Mom to Mom Photography Tips

December 04, 2020 4 min read

New moms know the feeling when baby is making THE cutest face ever – we transform into photographers, ready to pounce. It’s the only age when it’s ok to smear beets in your ear and have everyone around you think it’s smashingly adorable. Picture worthy. Gallery-wall worthy. Heck, maybe museum worthy! Where’s my camera!

Whether you’re here for tricks on taking milestone photos, seasonal pictures with your baby, or just the everyday candid shot, we’ve got a list of our easiest photography tips. New moms, seasoned moms, grandmas, this is your call. Get ready to start snapping! We’ll have you capturing family photographs that you’ll look back on fondly, maybe even with a little tear in your eye. We’re skipping the camera settings, these are just mom-to-mom photography tips, so trudge on!


If your child isn’t upright yet, aerial shots can work beautifully. Grab a little stool or something to give yourself a boost, and shoot looking down toward your babe. If you feel even a wee bit unsteady, keep those feet planted on the ground, we don’t want to risk pancaking your baby.

If you’ve got a sitter, walker, climber, monkey, acrobat, etc. get ready to level the playing field. Some of my favorite shots come at eye level. Hunker down, get on your knees, or even your own belly if that’s where your babe is. Meeting them eye to eye makes the shot more natural. They’re not squinting up at you awkwardly and you’re not exaggerating the size of their forehead.


Mom to mom photography tip to find the light

I’m adding this one in, because I’m pretty sure you’d call me nuts if it were missing. This one is tricky without knowing your camera and how to adjust settings. If you can find a window or head outside into the daylight, do that. If that’s not an option, here’s permission to quit stressing about it. Look into a free editing tool instead – you can crank up the brightness later.


I don’t pretend to know the science behind shot composition, but I do know that I like pictures that feel less staged, that are a little off-kilter. No offense to my own mama, but I’m not the ‘line up and say cheese’ type of gal. If you think about dividing your pic into a grid, with lines going up and down, place your babe on one of those imaginary t’s you created, not in the dead center. And if you really want to get crazy, tilt your camera so your babe is angled within your frame (like the leaning Tower of Pisa). Trust me that it will add interest to your picture, and will be more eye-catching than those shots of yester-year.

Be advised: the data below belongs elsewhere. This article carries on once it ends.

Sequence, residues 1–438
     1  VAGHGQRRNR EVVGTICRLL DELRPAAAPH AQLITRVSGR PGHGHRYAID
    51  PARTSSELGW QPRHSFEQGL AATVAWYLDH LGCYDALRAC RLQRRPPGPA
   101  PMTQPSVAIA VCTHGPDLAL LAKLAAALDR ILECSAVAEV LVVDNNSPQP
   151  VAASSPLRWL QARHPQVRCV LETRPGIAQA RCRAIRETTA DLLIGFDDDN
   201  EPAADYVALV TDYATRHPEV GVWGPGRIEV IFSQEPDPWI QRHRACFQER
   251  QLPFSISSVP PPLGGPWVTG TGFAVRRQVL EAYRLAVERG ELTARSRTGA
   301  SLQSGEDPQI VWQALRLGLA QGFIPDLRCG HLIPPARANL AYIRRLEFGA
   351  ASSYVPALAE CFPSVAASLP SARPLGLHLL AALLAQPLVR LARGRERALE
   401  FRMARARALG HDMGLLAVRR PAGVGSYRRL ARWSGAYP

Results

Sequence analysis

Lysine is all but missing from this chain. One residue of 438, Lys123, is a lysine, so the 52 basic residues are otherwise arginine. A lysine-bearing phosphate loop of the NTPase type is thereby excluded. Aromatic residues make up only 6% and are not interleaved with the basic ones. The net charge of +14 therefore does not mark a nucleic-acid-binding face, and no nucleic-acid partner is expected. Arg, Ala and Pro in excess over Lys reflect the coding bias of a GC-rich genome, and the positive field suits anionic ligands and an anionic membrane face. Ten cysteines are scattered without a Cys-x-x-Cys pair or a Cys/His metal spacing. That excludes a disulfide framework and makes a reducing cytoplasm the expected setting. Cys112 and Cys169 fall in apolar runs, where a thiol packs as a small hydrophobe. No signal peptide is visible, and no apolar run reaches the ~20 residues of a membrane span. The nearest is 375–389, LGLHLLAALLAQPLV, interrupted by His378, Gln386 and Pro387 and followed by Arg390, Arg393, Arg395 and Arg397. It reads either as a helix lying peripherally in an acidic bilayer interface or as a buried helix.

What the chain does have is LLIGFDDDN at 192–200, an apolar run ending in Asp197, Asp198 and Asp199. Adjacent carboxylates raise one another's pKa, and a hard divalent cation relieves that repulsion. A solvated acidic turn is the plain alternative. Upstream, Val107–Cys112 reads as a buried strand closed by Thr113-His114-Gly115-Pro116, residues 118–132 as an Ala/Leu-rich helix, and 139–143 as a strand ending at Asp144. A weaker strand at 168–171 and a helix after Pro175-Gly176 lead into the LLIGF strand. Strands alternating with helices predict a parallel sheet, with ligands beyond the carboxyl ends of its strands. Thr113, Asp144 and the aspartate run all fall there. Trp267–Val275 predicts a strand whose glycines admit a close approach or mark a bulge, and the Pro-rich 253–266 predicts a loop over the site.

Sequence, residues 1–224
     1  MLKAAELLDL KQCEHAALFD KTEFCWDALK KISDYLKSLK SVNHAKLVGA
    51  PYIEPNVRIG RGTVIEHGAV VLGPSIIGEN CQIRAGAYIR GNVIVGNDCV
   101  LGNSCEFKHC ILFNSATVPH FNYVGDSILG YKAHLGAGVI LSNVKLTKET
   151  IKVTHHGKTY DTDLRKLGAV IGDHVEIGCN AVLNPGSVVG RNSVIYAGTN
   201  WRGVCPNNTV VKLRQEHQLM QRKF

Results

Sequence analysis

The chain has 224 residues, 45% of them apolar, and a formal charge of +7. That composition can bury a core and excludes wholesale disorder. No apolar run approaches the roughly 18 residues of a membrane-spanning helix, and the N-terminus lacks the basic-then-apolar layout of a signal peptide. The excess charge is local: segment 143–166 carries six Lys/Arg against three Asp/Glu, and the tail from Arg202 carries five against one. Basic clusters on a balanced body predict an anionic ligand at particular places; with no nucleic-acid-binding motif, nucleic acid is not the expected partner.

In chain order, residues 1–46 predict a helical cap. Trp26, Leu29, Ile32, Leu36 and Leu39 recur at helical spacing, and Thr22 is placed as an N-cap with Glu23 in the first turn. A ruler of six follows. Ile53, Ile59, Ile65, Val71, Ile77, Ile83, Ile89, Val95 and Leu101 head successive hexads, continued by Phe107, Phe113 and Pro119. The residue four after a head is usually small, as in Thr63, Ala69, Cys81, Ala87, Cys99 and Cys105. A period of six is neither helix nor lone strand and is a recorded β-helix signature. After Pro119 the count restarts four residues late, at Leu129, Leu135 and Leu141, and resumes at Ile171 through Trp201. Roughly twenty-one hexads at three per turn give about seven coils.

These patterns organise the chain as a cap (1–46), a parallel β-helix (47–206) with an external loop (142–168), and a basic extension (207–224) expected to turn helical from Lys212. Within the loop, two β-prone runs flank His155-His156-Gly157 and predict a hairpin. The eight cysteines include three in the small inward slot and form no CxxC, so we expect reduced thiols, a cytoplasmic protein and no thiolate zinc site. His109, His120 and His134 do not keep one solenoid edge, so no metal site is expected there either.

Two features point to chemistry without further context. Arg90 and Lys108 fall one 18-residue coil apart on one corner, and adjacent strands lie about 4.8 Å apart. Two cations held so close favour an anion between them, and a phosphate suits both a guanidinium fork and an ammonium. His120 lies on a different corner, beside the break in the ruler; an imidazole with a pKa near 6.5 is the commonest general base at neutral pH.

Tip #4: BE QUIET

Kids can be like deer in headlights. They see a camera come out and they freeze, or they’re so trained that the fake smile is instantly plastered. I love seeing our boys ‘in the wild’. When they don’t know I’m watching, it feels like I’m peeping on their natural joy. They’re relaxed, in their own element, and it lets me get pictures of them that are more candid. They might not be smiling, or even looking at me, but they’re real. These turn into the photos I want to last forever.


Mom to mom photography tips

Sometimes kids need a little distraction. Shake a rattle, tell a joke, ask them to hold something for you, let them wear that dress. Again. A simple four-word sentence does wonders for me. ‘Is that a [fill it in]?’ Caterpillar, airplane, booger, whatever it is, they instantly stop what they’re doing and look at where I’m pointing. Snap, snap, done! Extra bonus here, I love looking at the background of old pictures. What were we playing with, what were the toys-of-the-time. Giving your babe props or toys to play with now, will give them that same nostalgia as adults. Remember that cabbage-patch kid you wouldn’t let go of!? That dress you wore for MONTHS?!


I’m not suggesting you Kondo your home, but be mindful of what’s going to land in the picture with your little one. The diaper caddy, tumbleweeds of dirty laundry, wine bottles. Cut. It. Out. My favorite trick here is to hunt for something big and soft. Drape a sheet, blanket, or comforter half on a bed, half on the floor. It gives you a clean background to work with, and minimizes the background noise. Bonus points if you get down on the floor with your teeny human. (Side note – I’m a chip FIEND! Serious problem. But that means we always have chip clips lying around – super handy to clip sheets to curtains, blankets to bedspreads, you get the idea.)


Listen up, this one is important. You are it. You are good enough. No matter how well or how rotten your pictures turn out, decades in the future, your adult children will never say ‘wow, you were a terrible photographer.’ They’ll be thanking you for taking time out behind your phone or your camera lens to make them the center of your world. In your eyes, they’re everything, and that will show.

I hope you found some tricks you can use with your next at-home photography session. Let us know what worked for you, and if you have any tips to share with us or your fellow moms, I’d love to hear them! As our kids grow, so too do the challenges with picture taking. So share away!

Ready to add some photo props to your shots? Check out our versatile milestone blocks that grow with your little one.

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